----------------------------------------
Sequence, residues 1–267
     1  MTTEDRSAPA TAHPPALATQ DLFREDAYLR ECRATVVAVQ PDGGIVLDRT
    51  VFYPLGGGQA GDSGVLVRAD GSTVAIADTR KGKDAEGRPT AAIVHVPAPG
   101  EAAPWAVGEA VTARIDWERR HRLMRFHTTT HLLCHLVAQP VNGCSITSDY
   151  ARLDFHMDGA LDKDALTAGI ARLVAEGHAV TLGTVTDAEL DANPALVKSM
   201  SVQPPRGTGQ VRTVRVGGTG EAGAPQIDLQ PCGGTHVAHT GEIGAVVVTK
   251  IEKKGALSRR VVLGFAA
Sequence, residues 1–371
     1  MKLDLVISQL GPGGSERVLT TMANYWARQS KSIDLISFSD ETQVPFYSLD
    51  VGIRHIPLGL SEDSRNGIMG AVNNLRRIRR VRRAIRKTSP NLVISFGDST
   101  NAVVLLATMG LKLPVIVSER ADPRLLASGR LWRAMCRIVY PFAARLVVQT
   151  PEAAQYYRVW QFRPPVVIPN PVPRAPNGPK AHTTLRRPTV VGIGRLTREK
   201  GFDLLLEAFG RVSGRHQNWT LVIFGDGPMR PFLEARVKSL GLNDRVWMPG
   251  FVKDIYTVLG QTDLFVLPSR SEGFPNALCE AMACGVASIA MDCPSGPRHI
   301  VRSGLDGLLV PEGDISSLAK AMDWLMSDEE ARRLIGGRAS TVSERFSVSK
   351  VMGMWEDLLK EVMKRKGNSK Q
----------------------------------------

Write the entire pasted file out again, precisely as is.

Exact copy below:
Sequence, residues 1–267
     1  MTTEDRSAPA TAHPPALATQ DLFREDAYLR ECRATVVAVQ PDGGIVLDRT
    51  VFYPLGGGQA GDSGVLVRAD GSTVAIADTR KGKDAEGRPT AAIVHVPAPG
   101  EAAPWAVGEA VTARIDWERR HRLMRFHTTT HLLCHLVAQP VNGCSITSDY
   151  ARLDFHMDGA LDKDALTAGI ARLVAEGHAV TLGTVTDAEL DANPALVKSM
   201  SVQPPRGTGQ VRTVRVGGTG EAGAPQIDLQ PCGGTHVAHT GEIGAVVVTK
   251  IEKKGALSRR VVLGFAA
Sequence, residues 1–371
     1  MKLDLVISQL GPGGSERVLT TMANYWARQS KSIDLISFSD ETQVPFYSLD
    51  VGIRHIPLGL SEDSRNGIMG AVNNLRRIRR VRRAIRKTSP NLVISFGDST
   101  NAVVLLATMG LKLPVIVSER ADPRLLASGR LWRAMCRIVY PFAARLVVQT
   151  PEAAQYYRVW QFRPPVVIPN PVPRAPNGPK AHTTLRRPTV VGIGRLTREK
   201  GFDLLLEAFG RVSGRHQNWT LVIFGDGPMR PFLEARVKSL GLNDRVWMPG
   251  FVKDIYTVLG QTDLFVLPSR SEGFPNALCE AMACGVASIA MDCPSGPRHI
   301  VRSGLDGLLV PEGDISSLAK AMDWLMSDEE ARRLIGGRAS TVSERFSVSK
   351  VMGMWEDLLK EVMKRKGNSK Q